contacted me after he came across a story by James A. Hamlin. Marty is
also a WW II veteran, who spent time in Molotovsk at almost the same time
as James. This is his account of his experiences in war-time Molotovsk.
We were in Liverpool,
England, when they started to outfit the ship with plenty of insulation.
When we saw that they were putting in all of that insulation, we knew
that we were going up to Russia. Sure enough, they loaded us up with trucks,
jeeps, etc. and on deck we carried four locomotives. We left Liverpool
and went up and formed a convoy in Loch Ewe. From there we were on our
way to Russia. We all figured that we were going to Murmansk, but found
out later on that it would be Molotovsk.
We finally docked and before you know it, the people there were swarming
all over the ship. They started unloading the supplies as soon as they
got the winches going. (I'm not too sure of the dates, but I think it
was some time toward the middle of November that we left Loch Ewe). Of
course the first thing that most of us thought of was shore leave. That
came later on. But I noticed that there were a lot of soldiers around
and then realized that this was some kind of a prison camp. The people
were Russian and we found out later on that they were prisoners who committed
crimes or were some kind of dissidents They were very friendly and some
of them that were working on the ship asked for food. We were told not
to give them anything (by the Russian authorities) but managed to slip
some food their way. The workers on the ship wouldn't let us throw out
the left over food, that the crew and sailors left on their plates and
was usually thrown into slop barrels. I found out why when I saw them
pick out whatever food was salvageable and eat it. I even saw one poor
soul, stick his whole arm into the barrel and pull out a ham bone and
started to chew on the little ham meat that was left on the bone. Coming
from a land that had plenty, I couldn't believe what I was seeing, I felt
so sorry for these people. Of course any chance that I and many other
crew members had, we would try to sneak some food to these people.
The worst incident that occurred was when one of the workers fell into
the frigid water. He was fished out right away but was soaking wet. We
tried to get him to come onto the ship to dry off. We have a place called
the "fidley hatch" (I hope that fidley is the right spelling)
it's right next to the smoke stack and it's one of the warmest places
on the ship. We usually hang our clothes in there, after washing them,
to get them to dry real fast. When the poor soul, who fell in the water,
tried to come aboard, the guard wouldn't let him go up the gangplank.
He was not a worker on the ship, therefore he wouldn't let him come onto
the ship. We signaled him to go to the stern of the ship, which was away
from the gangplank, and would have the workers on the ship hoist him aboard
with the cables that they were using the unload the cargo. He grabbed
on the line and we had him half way up when the soldier guarding the gangplank
saw him, hollered a few commands in Russian, but they kept trying to bring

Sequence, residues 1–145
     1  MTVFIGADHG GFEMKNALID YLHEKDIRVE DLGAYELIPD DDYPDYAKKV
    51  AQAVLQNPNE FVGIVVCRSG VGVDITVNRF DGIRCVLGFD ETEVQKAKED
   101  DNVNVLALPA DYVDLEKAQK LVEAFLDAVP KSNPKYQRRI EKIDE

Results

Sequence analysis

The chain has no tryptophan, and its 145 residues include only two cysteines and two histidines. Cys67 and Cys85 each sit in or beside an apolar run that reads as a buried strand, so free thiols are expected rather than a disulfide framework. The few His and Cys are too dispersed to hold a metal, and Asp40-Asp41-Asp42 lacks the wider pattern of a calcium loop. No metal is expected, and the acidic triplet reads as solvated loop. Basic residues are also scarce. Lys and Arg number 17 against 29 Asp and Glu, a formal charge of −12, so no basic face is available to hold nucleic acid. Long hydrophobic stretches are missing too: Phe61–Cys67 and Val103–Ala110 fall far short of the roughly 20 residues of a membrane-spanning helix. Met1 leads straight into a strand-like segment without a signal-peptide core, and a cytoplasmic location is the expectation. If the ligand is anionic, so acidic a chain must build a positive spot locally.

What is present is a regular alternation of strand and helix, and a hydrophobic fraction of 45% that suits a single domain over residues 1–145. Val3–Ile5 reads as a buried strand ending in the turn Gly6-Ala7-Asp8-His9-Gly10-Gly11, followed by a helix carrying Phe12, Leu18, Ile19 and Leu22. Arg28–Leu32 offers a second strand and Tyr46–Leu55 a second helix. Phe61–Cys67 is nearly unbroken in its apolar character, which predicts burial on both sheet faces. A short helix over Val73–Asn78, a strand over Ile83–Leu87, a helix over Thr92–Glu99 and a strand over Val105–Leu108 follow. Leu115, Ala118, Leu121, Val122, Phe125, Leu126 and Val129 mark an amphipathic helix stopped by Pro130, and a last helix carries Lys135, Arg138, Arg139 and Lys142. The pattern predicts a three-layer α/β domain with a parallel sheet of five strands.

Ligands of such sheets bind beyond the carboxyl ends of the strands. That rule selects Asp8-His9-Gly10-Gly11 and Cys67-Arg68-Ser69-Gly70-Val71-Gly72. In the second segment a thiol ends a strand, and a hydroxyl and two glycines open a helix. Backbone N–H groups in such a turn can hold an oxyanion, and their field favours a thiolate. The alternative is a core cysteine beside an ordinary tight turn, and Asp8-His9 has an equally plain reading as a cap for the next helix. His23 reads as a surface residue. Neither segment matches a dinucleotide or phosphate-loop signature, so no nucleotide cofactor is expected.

him aboard anyway. But when the soldier pointed his rifle at the man,
they stopped bringing him aboard, let him down onto the dock, and the
last time we saw him that day, he was running back and forth trying to
keep warm. Marina, he never made it. I don't know why or how, but they
did not take care of that man. The next morning, that man was dead, laying
right there on the dock. I imagine that he froze to death and was left
there as a reminder to the other prisoners to obey, or else. Very Sad.
Of course we finally made it to town and as I remember it, it was a very
long walk and cold as heck. When we finally made it to the local place
where they served vodka, that's where we parked. They only allowed us
three hefty drinks (I can't recall if the drinks were about three or four
ounces). I don't know if they were rationing it or they figured that three
of those drinks were enough to satisfy even the best of drinkers. I must
admit, after those drinks, I was mighty high. The people there were very
friendly. I wanted to ask a lot of questions about the town and people,etc.
but my friends said we were there for drinking, not history or geography
lessons, so that put a stop to that kind of conversation.
Finally, we were unloaded and they wouldn't let us depart from the dock
unless we turned over all the Russian money that we had. Most of us wanted
the rubles for souvenirs, but they said "Nyet". However they
would let us keep the rubles if we gave them the equivalent back in US
dollars. That's when my captain got mad and told them that we were sailing
with or without their permission. If we didn't get out them, the captain
was afraid that we would be iced in and wouldn't be able to leave until
the spring thaw. Well we finally sailed and on the way back to Scotland,
that's when we were attacked by the battleship Scharnhorst. It just so
happens that Jim Hamlin was in another convoy going up to Russia while
we were leaving Russia. Some where, on Christmas day, we passed each other,
him going up and us going down while the battle between the warships was
taking place. When we got back to Scotland, they showed up pictures of
the German sailors that they fished out of the water. They were alive
but shaking so violently---besides being scared out of their wits, I'm
sure that the frigid water took it's toll. Thank God we made it home safely.
me if you would like to share your story related to Molotovsk.